Voyager 2 Probe Reaches Interstellar Space: NASA
NASA’s Voyager 2 has become the second human-made object in history to reach the edge of our solar system.
NASA's Voyager 2 has become the second human-made object in history to reach the edge of our solar system, after the spacecraft exited the protective bubble of particles and magnetic fields created by the Sun, the US space agency said.
Its twin, Voyager 1, crossed this boundary in 2012, but Voyager 2 -- launched 41 years ago -- carries a working instrument that will provide first-of-its-kind observations of the nature of this gateway into interstellar space.
Voyager 2 now is slightly more than 18 billion kilometres from Earth, NASA said in a statement.
While the probes have left the heliosphere, Voyager 1 and Voyager 2 have not yet left the solar system, and won't be leaving anytime soon, the US space agency said.
Comparing data from different instruments aboard the trailblazing spacecraft, mission scientists determined the probe crossed the outer edge of the heliosphere on 5 November.
This boundary, called the heliopause, is where the tenuous, hot solar wind meets the cold, dense interstellar medium.
Mission operators still can communicate with Voyager 2 as it enters this new phase of its journey, but information -- moving at the speed of light -- takes about 16.5 hours to travel from the spacecraft to Earth.
By comparison, light travelling from the Sun takes about eight minutes to reach Earth.
The most compelling evidence of Voyager 2's exit from the heliosphere came from its onboard Plasma Science Experiment (PLS), an instrument that stopped working on Voyager 1 in 1980, long before that probe crossed the heliopause.
"Working on Voyager makes me feel like an explorer, because everything we're seeing is new," said John Richardson, principal investigator for the PLS instrument.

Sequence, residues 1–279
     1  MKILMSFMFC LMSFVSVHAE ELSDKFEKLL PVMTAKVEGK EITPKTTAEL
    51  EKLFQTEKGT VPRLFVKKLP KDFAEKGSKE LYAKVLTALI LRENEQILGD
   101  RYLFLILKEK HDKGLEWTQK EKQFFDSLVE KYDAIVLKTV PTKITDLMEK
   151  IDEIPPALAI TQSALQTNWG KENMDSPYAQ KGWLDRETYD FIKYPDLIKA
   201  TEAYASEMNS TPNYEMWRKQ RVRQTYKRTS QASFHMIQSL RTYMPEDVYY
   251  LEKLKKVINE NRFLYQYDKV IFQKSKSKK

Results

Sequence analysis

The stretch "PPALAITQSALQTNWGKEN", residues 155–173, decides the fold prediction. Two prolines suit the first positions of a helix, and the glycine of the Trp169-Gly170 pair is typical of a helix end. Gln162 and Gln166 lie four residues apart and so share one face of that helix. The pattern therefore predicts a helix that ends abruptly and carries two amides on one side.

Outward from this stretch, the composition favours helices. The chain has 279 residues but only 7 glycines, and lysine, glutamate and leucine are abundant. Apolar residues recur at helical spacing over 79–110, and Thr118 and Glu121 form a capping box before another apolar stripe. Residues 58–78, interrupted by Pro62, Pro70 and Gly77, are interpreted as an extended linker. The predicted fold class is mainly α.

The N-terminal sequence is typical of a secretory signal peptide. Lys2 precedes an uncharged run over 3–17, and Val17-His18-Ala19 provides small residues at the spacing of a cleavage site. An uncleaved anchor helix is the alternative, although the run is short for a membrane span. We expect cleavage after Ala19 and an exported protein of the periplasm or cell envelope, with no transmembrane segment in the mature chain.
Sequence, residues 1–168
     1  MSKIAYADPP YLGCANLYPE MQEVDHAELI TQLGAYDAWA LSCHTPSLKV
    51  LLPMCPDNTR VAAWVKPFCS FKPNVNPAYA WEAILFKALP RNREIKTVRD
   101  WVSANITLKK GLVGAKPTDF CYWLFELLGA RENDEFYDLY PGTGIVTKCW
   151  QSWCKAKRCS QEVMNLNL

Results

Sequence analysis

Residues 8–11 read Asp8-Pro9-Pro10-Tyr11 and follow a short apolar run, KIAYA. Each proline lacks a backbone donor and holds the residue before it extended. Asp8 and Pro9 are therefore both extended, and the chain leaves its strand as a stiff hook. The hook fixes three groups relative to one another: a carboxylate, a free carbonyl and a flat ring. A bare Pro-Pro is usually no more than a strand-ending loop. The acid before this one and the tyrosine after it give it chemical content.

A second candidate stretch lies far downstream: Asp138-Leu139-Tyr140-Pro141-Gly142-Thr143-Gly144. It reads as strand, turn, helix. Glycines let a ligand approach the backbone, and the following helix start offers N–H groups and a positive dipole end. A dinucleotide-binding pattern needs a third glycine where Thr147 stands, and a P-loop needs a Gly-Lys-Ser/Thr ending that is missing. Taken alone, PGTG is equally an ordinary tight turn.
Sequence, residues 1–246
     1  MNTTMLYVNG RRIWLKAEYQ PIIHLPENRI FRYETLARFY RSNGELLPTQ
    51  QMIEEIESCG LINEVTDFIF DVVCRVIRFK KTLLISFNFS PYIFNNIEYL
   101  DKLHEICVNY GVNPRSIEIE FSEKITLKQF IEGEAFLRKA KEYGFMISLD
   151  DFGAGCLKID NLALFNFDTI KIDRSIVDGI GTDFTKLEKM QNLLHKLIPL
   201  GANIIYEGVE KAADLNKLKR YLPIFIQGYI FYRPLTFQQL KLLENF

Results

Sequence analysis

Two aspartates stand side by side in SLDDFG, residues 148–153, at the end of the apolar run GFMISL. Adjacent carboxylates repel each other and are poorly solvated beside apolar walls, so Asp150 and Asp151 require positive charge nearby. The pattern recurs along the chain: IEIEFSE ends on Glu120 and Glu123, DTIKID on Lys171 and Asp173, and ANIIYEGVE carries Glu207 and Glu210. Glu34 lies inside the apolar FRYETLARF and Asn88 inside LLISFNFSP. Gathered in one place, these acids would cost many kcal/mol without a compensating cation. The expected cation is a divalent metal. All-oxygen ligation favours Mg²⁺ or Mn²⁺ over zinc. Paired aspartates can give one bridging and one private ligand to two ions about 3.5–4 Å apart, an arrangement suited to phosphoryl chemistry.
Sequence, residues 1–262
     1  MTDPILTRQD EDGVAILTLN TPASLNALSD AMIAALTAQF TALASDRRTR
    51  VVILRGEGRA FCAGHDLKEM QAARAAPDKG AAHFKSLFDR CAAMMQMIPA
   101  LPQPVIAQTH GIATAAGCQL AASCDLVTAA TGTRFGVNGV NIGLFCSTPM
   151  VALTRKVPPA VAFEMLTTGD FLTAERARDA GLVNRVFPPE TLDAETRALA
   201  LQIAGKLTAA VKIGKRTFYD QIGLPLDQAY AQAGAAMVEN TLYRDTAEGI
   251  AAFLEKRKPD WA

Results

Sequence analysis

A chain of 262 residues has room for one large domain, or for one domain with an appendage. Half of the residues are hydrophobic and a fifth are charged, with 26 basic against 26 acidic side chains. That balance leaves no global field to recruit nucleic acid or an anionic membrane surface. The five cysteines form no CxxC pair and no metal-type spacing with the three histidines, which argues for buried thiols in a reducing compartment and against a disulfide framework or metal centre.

"Even though Voyager 1 crossed the heliopause in 2012, it did so at a different place and a different time, and without the PLS data. So we're still seeing things that no one has seen before," said Richardson, a principal research scientist at the Massachusetts Institute of Technology (MIT) in the US.
In addition to the plasma data, Voyager's science team members have seen evidence from three other onboard instruments -- the cosmic ray subsystem, the low energy charged particle instrument and the magnetometer -- that is consistent with the conclusion that Voyager 2 has crossed the heliopause.
"There is still a lot to learn about the region of interstellar space immediately beyond the heliopause," said Ed Stone, Voyager project scientist based at Caltech in the US.
Together, the two Voyagers provide a detailed glimpse of how our heliosphere interacts with the constant interstellar wind flowing from beyond.
Their observations complement data from NASA's Interstellar Boundary Explorer (IBEX), a mission that is remotely sensing that boundary.
NASA also is preparing an additional mission -- the upcoming Interstellar Mapping and Acceleration Probe (IMAP), due to launch in 2024 -- to capitalise on the Voyagers' observations.
Voyager 2 launched in 1977, 16 days before Voyager 1, and both have travelled well beyond their original destinations. The spacecraft were built to last five years and conduct close-up studies of Jupiter and Saturn.
However, as the mission continued, additional flybys of the two outermost giant planets, Uranus and Neptune, proved possible.
As the spacecraft flew across the solar system, remote-control reprogramming was used to endow the Voyagers with greater capabilities than they possessed when they left Earth.
Their five-year lifespans have stretched to 41 years, making Voyager 2 NASA's longest running mission.
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